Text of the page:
Anyone who knows me, knows I suffer from migraines. Let me say that again, it's important you hear it - I SUFFER from migraines. These are chronic, debilitating and severe. I was trying to figure out how to make people understand how bad they are - this is what I came up with - in the last year (365 days), I've probably lost around 100 days (that's a third of my year) to migraines. My attacks average out to 2 days per week. I can go a couple of weeks without an attack, but then I'll get a migraine that puts me out of it for 3-4 days. When I realised how much time I've lost to migraine I was amazed that I've managed to achieve anything! How the hell did I pass my degree (let alone so well) when I lost 1/3 of my time?! And, typically for me, How much more could I achieve if I wasn't suffering from Migraines?!

I'm not sure what my intention is with this post, so bear with me, it may flit around some.

My migraines usually come in one of three delicious flavours:-

1) Migraine without aura (I'll explain aura in a minute)
These lovely migraines are the most frequent. They are characterised by an immense pulsing pain in one side of my head, nausea, light and sound sensitivity. The best way of describing the pain I've come up with is, it's like someone is repeatedly stabbing me with a hot poker inside my head. The pain is usually behind one eye, and stretches out to the temple, the hot poker is usually pushing my eye out of the socket. Every tiny sound is amplified x100, typing on a keyboard can be agony. Even the dimmest light (say from my phone screen) seems so bright it actually hurts my eyes. And the sensations of light and sound cause the pulsing hot poker to increase in strength and speed.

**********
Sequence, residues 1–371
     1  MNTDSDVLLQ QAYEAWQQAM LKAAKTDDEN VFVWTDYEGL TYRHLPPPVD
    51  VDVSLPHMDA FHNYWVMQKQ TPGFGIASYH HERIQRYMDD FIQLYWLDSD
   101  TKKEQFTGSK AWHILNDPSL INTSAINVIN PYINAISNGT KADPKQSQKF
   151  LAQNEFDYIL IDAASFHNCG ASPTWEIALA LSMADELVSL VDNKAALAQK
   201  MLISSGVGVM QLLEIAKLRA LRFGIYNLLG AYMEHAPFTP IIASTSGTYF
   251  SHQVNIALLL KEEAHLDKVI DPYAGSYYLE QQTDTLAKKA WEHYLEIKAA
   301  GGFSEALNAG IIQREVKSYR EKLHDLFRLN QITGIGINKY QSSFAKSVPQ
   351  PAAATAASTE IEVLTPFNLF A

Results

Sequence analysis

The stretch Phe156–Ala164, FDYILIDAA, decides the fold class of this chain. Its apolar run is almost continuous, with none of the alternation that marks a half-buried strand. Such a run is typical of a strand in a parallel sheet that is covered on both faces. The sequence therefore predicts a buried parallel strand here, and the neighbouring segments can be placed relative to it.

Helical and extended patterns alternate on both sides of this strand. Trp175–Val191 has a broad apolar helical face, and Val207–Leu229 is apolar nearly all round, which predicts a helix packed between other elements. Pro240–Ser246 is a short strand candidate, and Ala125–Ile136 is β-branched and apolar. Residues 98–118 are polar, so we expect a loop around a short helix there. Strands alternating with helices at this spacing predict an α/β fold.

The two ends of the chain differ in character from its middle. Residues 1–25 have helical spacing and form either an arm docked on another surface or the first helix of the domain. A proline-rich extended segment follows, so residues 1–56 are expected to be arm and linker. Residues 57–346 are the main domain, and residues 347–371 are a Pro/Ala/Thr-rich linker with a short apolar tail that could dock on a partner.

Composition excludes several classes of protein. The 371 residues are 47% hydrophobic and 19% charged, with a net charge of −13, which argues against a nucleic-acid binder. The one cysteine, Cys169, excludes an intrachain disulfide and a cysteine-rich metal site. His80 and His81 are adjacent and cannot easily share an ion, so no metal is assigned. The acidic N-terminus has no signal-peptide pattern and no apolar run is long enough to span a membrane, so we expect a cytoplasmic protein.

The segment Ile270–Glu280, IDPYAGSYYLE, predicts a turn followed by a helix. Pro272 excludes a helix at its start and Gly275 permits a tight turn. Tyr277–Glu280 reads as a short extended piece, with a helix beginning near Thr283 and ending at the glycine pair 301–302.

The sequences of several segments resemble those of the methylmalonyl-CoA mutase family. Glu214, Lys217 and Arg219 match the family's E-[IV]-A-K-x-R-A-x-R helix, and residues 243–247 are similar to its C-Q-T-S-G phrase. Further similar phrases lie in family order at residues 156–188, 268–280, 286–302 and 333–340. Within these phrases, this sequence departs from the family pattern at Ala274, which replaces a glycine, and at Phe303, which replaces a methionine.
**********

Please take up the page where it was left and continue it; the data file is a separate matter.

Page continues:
These, horrible as they are, are probably the simplest of my migraines to cope with. I have an excellent selection of painkillers/anti-nausea pills (chronic migraine means my medicine cupboard could rival a pharmacy) which can at least make these symptoms bearable. The downside is I have to be careful, because prolonged use of the painkillers can cause headaches!
I get one of these attacks roughly once a week. They last anywhere from a few hours to a few days.

2) Migraine with pain and aura
This lovely flavour has all the ingredients listed above plus the added tastiness of aura. Migraine aura take many forms, mine usually involve visual disturbance, numbness in my hands, arms, fingers or face, reduced cognitive capacity, and slurring/ difficulty speaking.
So taking visual disturbance first - usually I get light spots in the edges of my vision, kinda like star-bursts. These can be one of the first signs of an impending attack. Then I get a kind of detached feeling, like what I'm seeing is not real, almost like I'm watching it on TV or something. I know it is real, but the sensation from what I'm seeing is that I'm distanced from it.
Numbness - this can also take the form of tingling. I don't usually get the sensation in all of the places I mentioned. When I get an attack it's usually one or two of them. Though I have had attacks where I experienced numbness/ tingling in all of those places.
Speech - it's kinda like when I get drunk, but less fun.